9. The balance system of claim 1, wherein the pin is substantially parallel to a central axis of the crankshaft, and wherein the groove is at least one of substantially parallel to a piston axis along which a piston reciprocates within an engine, substantially perpendicular to the central axis, within a plane perpendicular to the central axis, and within another plane formed by the central axis and the piston axis.
10. The balance system of claim 1, wherein a bearing is positioned on the pin, and wherein the bearing fits within the groove.
11. The balance system of claim 1, wherein an end of the pin is received by the groove, and wherein the balance system is employed within at least one of an internal combustion engine and a compressor.
12. The balance system of claim 1, wherein the groove is positioned along an inside surface of a top of a crankcase of an internal combustion engine, and wherein the crankshaft is vertically oriented.
13. An internal combustion engine comprising:
a crankcase;
a cylinder coupled to the crankcase;
a piston within the cylinder;
a crankshaft having a central axis and supported by the crankcase, wherein the piston is coupled to a crank pin of the crankshaft by a connecting rod, and wherein the crankshaft includes an eccentric portion; and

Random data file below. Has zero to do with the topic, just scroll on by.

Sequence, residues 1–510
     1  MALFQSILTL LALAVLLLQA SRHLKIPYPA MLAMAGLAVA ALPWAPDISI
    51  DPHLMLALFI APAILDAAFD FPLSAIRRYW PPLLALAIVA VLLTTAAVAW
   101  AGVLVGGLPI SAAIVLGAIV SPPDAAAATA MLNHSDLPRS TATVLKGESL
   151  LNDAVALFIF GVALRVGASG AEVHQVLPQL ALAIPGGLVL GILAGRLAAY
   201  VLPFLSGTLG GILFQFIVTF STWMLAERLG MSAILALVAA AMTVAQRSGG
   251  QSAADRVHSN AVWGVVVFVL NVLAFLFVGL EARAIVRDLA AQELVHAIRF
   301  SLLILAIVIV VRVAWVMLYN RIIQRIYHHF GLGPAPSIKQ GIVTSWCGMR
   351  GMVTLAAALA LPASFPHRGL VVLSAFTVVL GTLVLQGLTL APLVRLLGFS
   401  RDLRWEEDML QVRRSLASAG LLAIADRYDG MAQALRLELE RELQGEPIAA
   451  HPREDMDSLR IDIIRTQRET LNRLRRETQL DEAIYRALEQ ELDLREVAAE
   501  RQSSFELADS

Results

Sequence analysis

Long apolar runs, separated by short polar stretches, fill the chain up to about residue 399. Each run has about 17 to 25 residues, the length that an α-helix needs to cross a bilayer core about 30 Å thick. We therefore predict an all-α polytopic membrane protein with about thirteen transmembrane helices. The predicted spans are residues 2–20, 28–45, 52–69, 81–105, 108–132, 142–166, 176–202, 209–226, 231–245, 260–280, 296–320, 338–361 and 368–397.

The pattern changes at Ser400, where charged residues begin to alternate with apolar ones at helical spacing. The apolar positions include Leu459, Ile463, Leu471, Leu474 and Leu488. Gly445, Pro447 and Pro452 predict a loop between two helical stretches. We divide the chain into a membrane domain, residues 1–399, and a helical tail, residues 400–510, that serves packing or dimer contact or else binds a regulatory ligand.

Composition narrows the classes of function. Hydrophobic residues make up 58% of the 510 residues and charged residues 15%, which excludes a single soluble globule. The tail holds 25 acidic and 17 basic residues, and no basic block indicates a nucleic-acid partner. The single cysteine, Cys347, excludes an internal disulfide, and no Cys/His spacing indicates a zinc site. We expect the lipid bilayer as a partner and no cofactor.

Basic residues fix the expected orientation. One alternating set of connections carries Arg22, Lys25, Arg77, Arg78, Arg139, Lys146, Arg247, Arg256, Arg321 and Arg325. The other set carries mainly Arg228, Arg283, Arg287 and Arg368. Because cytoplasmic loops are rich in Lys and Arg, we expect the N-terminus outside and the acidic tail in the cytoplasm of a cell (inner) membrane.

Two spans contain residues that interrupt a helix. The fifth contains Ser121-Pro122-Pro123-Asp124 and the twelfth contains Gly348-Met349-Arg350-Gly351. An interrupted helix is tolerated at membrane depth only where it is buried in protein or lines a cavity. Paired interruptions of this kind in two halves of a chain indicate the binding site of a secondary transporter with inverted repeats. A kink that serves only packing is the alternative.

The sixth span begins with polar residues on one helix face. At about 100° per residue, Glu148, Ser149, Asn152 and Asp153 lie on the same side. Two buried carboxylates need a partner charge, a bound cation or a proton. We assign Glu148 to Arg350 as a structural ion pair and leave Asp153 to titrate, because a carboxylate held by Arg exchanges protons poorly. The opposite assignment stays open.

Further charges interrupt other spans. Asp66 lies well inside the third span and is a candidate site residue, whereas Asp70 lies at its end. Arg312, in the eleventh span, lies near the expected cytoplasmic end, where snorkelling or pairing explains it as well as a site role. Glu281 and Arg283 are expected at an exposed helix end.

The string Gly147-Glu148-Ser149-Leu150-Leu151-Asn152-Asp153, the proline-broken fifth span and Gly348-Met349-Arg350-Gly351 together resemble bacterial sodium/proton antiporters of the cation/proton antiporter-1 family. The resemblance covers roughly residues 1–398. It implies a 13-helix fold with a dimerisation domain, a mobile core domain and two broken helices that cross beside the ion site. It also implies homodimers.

a weight supported with respect to the eccentric portion by a coupling arm, wherein the weight moves toward and away from the crankshaft as the crankshaft rotates;
a protrusion that extends outward away from the weight in a direction that is substantially parallel to the central axis and is at least one of coupled to the weight and integrally formed as part of the weight; and
a structure that guides the protrusion along a path as the weight moves toward and away from the crankshaft.
14. The internal combustion engine of claim 13, wherein the protrusion is a pin and the structure includes a groove formed in the crankcase.
15. The internal combustion engine of claim 14, wherein the groove is at least one of substantially parallel to a piston axis along which the piston reciprocates within the engine, substantially perpendicular to the central axis, within a plane perpendicular to the central axis, and within another plane formed by the central axis and the piston axis.